Fire Extinguisher Types
Each fire extinguisher has its own symbolic notation, that is a special geometric symbol to make it easier for you to identify the extinguisher type. They also have some additional information necessary in case of this or that class of fire fighting.
- Class A fire extinguishers, for example, have the green triangle on them and also the special numerical rating, showing the amount of water this extinguisher holds and the amount of fire it is able to extinguish.
- Class B fire extinguishers are marked with the red square and have the numerical rating indicating the approximate area of fire (in square feet) it is able to extinguish.
- Class C fire extinguishers are marked with the blue circle, but they don’t have any numerical rating. As a rule they contain the non-conductive extinguishing agent, because they are often used for electrical fire fighting.
- Class D fire extinguishers have the yellow decagon on them and are mostly regarded as the part of chemical laboratory firefighting equipment. They also don’t have any numerical rating on them. There are also class K fire extinguishers, marked with the black hexagon. They are intended for the fighting the fire, caused by any cooking oils, fats or trans-fats combustion and are highly recommended for restaurant or cafeteria kitchens.
Read here about Australian fire extinguisher types
There is also another fire extinguishers classification based on their contents nature. According to this classification there are water, foam, dry-powder and CO2 fire extinguishers.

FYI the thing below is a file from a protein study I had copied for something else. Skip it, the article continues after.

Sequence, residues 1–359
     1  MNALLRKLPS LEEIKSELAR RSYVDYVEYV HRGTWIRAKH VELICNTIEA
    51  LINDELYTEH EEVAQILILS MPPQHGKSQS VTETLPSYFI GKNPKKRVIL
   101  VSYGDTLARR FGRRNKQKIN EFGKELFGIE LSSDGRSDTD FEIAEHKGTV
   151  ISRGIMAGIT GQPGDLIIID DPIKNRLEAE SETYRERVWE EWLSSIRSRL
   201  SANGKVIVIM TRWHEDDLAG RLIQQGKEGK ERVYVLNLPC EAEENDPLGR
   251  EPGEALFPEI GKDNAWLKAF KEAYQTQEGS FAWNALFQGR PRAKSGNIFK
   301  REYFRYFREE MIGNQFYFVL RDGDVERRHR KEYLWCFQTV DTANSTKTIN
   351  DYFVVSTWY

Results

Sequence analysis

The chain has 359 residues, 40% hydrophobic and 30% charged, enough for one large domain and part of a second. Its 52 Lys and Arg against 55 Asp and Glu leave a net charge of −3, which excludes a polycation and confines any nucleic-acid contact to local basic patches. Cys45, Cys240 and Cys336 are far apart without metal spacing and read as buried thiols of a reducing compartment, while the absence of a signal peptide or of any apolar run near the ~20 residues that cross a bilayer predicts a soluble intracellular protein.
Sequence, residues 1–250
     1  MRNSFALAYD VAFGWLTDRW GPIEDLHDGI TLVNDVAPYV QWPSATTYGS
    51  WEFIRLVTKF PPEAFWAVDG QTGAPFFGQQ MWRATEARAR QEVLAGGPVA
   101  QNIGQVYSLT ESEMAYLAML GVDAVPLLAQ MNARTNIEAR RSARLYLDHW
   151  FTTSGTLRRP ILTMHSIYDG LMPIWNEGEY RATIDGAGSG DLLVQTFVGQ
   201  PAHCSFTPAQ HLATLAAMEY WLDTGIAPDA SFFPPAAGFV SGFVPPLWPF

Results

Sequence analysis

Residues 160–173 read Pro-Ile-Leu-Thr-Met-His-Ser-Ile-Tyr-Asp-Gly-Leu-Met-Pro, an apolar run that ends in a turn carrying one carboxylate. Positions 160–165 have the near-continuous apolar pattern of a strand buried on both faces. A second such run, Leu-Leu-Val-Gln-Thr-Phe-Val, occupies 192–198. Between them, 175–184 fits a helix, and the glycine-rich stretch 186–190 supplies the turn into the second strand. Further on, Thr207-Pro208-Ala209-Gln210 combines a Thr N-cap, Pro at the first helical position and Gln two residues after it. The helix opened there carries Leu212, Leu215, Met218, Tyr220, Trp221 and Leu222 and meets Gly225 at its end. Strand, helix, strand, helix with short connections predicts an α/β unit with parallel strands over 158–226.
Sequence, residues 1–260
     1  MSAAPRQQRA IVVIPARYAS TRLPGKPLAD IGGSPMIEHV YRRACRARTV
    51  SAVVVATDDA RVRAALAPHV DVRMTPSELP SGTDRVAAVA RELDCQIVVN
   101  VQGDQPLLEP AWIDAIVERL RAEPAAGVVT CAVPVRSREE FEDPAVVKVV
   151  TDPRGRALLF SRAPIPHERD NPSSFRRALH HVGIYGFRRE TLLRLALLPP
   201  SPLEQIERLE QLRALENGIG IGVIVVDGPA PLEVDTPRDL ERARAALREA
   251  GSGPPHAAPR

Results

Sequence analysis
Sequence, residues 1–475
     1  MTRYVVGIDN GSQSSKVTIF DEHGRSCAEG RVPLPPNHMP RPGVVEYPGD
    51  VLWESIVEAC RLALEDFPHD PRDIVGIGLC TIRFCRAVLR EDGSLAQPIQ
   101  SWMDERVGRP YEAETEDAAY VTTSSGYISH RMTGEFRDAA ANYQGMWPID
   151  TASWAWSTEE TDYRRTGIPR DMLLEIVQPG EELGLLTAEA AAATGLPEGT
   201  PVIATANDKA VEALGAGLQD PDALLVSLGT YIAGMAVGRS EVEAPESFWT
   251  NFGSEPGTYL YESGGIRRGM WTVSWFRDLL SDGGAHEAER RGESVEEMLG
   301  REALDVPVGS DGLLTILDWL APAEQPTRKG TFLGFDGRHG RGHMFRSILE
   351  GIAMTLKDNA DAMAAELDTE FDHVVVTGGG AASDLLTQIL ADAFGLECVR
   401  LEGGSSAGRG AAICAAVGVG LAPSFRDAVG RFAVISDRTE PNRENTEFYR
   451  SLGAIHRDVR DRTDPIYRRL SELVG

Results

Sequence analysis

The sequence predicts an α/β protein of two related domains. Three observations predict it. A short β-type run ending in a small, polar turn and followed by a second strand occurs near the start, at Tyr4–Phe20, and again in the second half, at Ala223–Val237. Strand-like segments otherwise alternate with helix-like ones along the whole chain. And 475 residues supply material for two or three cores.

- Water or APW (Air pressurized water) fire extinguishers are as a rule recommended for class A fire fighting and are effective in case of wood, paper or plastic ignition. Their operation principle is based on the reducing the temperature of the burning materials below their ignition temperature. The APW units, available in the USA, as a rule, are made of stainless steel and contain 2.5 gallons (9 liters) of water. Their main advantage is their price and their harmlessness. As for the disadvantages… Well, they cannot be used in case of class B fires or electrical fires, and mostly are recommended for the class A fire fighting only. There are also Water Mist fire extinguishers, very popular in hospitals. These harmless and non-contaminant fire extinguishers contain 1.75 or 2.5 gallons of water and can be used both for class A and class C fires fighting. Foam fire extinguishers are as a rule used in case of class B fires. The foam, contained in them, reduces the oxygen around the fire. They are able to progressively put out the fire without any flashback. Depending on their contents there are AFFF (aqueous film forming foam), AR-AFFF (Alcohol-resistant aqueous film forming foams), FFFP (film forming fluoroprotein), CAFS (compressed air foam system), Arctic Fire and FireAde fire extinguishers. AFFF units are portable foam extinguishers, used for class A and class B fires fighting as well as for vapor suppression. AR-AFFF units are used in case when fuel, having caused the fire, contains alcohol, and are able to create the alcohol-resistant foam blanket. FFFP fire extinguishers are very at hand in case of alcohol-based liquids ignition, as they are able to create the heat resistant foam blanket and thus effectively put out the class C fire. CAFS, containing the special foam solution at high air pressure, are mostly used for water supply extension or (in case of A class fire or, if with the very dry foam contents, in case of B class fire) for vapor suppression. Arctic Fire extinguishers are very interesting and effective firefighting equipment solution, as they contain the special agent, able to cool and emulsify the heated and ignited materials faster than any water or foam fire extinguisher does. They are highly recommended for use in case of class A, B or D fires. FireAde extinguishers have something in common with Arctic Fire units, as they operate on the same principle, turning the ignited liquids into non-inflammable ones thanks to their special temperature reducing agent. But unlike Arctic Fire units, these ones are recommended for use in case of class A or class B fire only.